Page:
The idea seems attractive, although the experience in Member States with private-public-partnerships has not always been convincing. Furthermore, the contribution of public investment for economic growth is not without ambiguity in Europe, while private investment is clearly a driver of growth. No doubt, public investment can be an economic stimulus during a crisis, when private investment and demand collapse. Indeed, public spending has prevented a deep depression after the Financial Crisis in 2008. Figure 4 shows that the privat investment ratio moves pro-cyclically in the three major industrialised economies, because it rose in the low growth years of the early 1990s, after 2000, but not in the financial crisis in 2008. The public investment ratio moves anti-cyclically - at least after the 2008 crisis. This is in line with macroeconomic textbooks. However, the long term impact of public investment on growth is less clear.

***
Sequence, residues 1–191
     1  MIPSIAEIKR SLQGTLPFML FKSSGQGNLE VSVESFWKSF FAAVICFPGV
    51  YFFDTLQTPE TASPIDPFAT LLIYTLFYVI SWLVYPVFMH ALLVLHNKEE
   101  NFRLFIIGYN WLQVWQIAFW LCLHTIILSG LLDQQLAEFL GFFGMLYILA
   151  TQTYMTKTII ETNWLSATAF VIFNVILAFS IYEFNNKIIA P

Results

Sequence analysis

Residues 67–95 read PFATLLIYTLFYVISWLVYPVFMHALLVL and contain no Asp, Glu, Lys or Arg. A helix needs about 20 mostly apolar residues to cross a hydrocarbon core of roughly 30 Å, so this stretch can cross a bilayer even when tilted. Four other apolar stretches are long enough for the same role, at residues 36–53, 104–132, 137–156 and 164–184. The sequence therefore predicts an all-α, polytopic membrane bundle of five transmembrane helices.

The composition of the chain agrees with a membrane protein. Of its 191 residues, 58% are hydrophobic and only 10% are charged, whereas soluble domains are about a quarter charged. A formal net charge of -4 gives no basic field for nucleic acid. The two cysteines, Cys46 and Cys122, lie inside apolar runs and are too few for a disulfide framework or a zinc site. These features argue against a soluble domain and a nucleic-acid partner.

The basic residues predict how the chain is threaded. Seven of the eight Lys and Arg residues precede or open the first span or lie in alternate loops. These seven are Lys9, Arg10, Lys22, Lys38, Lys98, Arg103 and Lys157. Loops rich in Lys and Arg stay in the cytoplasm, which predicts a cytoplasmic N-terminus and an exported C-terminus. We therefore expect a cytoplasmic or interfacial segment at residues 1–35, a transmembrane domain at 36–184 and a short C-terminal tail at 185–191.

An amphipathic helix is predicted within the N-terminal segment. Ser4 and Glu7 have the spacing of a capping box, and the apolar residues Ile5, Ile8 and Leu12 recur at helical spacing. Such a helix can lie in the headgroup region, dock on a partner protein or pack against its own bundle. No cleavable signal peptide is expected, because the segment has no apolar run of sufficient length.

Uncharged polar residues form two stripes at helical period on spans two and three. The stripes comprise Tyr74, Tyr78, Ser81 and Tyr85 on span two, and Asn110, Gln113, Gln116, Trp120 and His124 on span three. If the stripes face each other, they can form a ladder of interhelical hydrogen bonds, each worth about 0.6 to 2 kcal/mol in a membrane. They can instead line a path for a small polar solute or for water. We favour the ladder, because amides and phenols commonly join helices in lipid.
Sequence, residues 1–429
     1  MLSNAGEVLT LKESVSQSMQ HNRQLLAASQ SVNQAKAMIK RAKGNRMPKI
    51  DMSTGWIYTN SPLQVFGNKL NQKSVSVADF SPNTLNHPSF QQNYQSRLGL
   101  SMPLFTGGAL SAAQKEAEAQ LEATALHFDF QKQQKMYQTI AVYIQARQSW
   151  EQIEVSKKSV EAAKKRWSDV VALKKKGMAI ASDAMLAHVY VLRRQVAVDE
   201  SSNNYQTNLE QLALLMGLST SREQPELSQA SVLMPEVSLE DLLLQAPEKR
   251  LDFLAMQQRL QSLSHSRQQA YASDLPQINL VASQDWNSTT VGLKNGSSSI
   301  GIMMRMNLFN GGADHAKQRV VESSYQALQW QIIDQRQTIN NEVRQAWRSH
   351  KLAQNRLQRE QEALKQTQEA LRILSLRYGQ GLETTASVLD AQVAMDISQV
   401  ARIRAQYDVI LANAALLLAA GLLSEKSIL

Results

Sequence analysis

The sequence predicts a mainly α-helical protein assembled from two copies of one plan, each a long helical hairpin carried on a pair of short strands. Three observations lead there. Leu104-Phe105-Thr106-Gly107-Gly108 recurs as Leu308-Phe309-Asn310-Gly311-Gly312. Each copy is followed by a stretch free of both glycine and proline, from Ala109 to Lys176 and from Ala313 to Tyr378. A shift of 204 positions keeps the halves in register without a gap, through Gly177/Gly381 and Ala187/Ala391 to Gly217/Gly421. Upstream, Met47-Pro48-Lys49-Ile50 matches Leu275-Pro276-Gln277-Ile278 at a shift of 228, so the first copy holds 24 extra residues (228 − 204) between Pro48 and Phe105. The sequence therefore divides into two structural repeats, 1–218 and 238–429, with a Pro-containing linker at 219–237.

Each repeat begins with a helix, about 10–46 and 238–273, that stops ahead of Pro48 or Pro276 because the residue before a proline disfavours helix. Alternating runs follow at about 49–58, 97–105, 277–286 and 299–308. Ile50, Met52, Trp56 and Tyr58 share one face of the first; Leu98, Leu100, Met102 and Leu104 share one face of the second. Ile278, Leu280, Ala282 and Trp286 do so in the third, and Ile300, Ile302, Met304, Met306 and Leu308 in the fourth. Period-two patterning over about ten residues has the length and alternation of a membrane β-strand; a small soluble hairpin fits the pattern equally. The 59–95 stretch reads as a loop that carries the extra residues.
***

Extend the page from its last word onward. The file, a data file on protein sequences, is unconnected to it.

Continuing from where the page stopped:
8 COM (93), 700 final 5.12.1993. 9 See TFEU (Lisbon Treaty), Article 310(1). 10 7 September 2010, see: http://europa.eu/rapid/pressReleasesAction.do?reference=SPEECH/10/411. 11 http://register.consilium.europa.eu/pdf/en/10/st13/st13977-re01.en10.pdf.

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Figure 4









60 65 70 75 80 85 90 95 00 05 10

Euro privatJapan privatUS privat

Private Investment ratio







60 65 70 75 80 85 90 95 00 05 10

Euro gov Japan gov US gov

Public investment ratio

Bretton Woods Euro

Over the long run, investment ratios have been more stable than private investment in the United States and Europe. In Japan private investment collapsed with the financial bubble in 1991 and public investment first sought to compensate for this, but then fell from 6% to 3% after 1998. Japan’s economy has stagnated ever since. In the euro area, private investment has not changed significantly between the 1990s and 2000s, but it was cut by a third after the signing of the Maastricht Treaty. This noticeable reduction in public investment raises an intriguing question: was investment cut by governments because this was the most convenient way for lowering budget deficits to below 3% and reaching the Maastricht criteria?